To put it another way:

The first two lines show the means of achieving deathlessness through this path. Still, some might object that this alone would not make this the pinnacle of vehicles, because even the śrāvakas and pratyekabuddhas have a path that puts a stop to the sufferings of birth and death. In that case, it would suffice to offer the final line as a response and the third line as providing the reason.

In response to persistent requests from the faithful, diligent and intelligent Deshul Drakden, Tenpai Nyima quickly wrote down whatever came to mind on the third excellent day of the waning phase” (i.e., 27th) of the Phālguna month (dbo zla) in the earth bird year (1909).


| Translated by Adam Pearcey, 2015.


Bibliography

Tibetan sources

Dad brtson blo ldan ’das shul grags ldan ngor gdams pa in rDo grub chen ’jigs med bstan pa’i nyi ma’i gsung ’bum. 7 vols. Chengdu: Si khron mi rigs dpe skrun khang, 2003. TBRC: W25007, vol. 2, pp. 21-25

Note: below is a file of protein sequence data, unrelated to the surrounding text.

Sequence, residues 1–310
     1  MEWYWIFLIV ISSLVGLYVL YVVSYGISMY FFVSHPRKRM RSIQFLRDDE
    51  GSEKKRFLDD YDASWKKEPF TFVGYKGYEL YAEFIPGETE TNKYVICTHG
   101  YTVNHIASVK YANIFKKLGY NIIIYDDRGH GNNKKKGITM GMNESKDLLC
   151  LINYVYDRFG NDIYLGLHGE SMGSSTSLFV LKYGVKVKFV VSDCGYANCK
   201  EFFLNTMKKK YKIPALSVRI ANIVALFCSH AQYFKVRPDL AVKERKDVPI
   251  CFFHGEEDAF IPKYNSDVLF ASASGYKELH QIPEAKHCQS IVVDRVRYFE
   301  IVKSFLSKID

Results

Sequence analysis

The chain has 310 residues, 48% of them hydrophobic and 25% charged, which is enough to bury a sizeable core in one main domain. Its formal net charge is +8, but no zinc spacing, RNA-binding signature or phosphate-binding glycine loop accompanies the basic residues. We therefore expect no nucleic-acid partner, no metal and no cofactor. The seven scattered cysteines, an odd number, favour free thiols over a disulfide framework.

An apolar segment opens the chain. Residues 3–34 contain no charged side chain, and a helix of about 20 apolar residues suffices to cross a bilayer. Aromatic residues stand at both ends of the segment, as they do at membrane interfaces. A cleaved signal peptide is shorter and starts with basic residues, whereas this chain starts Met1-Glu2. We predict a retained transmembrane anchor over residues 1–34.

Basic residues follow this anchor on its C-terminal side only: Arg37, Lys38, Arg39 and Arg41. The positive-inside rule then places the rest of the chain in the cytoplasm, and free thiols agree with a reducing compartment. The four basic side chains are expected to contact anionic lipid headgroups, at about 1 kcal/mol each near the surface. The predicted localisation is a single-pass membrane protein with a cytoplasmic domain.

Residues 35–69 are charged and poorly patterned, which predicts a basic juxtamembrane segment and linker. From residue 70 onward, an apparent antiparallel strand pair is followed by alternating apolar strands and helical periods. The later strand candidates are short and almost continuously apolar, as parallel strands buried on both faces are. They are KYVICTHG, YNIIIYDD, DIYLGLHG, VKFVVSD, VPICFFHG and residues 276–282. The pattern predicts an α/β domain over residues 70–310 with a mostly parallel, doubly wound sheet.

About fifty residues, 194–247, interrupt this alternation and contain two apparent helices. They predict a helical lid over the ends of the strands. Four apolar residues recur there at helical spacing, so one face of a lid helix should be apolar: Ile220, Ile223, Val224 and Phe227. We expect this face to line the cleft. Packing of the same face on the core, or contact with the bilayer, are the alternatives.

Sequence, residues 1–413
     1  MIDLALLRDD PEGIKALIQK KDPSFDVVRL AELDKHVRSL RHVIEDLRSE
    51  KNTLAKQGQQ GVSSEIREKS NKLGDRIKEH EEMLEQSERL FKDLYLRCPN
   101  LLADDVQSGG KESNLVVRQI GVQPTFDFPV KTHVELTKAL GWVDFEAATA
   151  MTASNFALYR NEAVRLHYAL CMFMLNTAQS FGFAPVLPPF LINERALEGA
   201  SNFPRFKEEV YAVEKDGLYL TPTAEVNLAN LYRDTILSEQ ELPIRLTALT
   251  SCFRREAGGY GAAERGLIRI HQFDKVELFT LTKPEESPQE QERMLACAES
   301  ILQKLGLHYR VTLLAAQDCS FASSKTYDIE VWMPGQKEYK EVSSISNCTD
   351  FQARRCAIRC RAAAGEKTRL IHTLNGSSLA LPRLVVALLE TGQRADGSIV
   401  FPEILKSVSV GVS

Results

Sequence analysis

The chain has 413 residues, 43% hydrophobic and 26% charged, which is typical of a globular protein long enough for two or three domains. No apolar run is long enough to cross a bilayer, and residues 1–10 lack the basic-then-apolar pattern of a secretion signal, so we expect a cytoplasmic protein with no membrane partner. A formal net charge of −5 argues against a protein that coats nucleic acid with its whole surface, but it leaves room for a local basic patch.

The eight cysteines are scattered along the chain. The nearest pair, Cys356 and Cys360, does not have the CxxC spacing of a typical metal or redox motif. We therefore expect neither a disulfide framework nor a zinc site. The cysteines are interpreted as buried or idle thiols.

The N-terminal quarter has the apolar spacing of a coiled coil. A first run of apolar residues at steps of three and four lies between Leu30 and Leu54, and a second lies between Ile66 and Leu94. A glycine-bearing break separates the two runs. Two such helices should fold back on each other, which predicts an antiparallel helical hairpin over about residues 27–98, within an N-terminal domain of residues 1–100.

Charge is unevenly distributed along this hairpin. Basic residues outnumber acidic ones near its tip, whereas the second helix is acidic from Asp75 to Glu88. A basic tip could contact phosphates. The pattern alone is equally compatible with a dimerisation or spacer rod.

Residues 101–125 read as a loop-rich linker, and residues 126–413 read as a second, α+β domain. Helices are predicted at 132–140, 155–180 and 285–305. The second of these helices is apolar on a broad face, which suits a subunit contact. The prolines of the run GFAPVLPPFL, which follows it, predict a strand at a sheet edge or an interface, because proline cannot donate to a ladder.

Secondary sources

Nor brang o rgyan. Chos rnam kun btus. 3 vols. Peking: Krung go’i bod rig pa dpe skrun khang, 2008.

Nyoshul Khenpo. A Marvelous Garland of Rare Gems. Translated by Richard Barron. Junction City, California: Padma Publication, 2005. pp. 482-486

Pearcey, Adam. "Orgyen Tendzin Norbu" on Treasury of Lives www.treasuryoflives.com

Tulku Thondup, Masters of Meditation and Miracles: The Longchen Nyingthig Lineage of Tibetan Buddhism. Boston: Shambhala, 1996.


Notes


  1. i.e., the four categories of stream-enterer (rgyun du zhugs pa), once-returner (lan gcig phyir ’ong ba), non-returner (lan gcig phyir mi ’ong ba) and arhat (dgra bcom pa), each of which can be further divided into the emerging (zhugs pa) and the established (gnas pa) to give eight categories in total. (See “skye bu zung bzhi’am gang zag ya brgyad” in Nor brang o rgyan, Chos rnam kun btus, vol.1, 493.)  ↩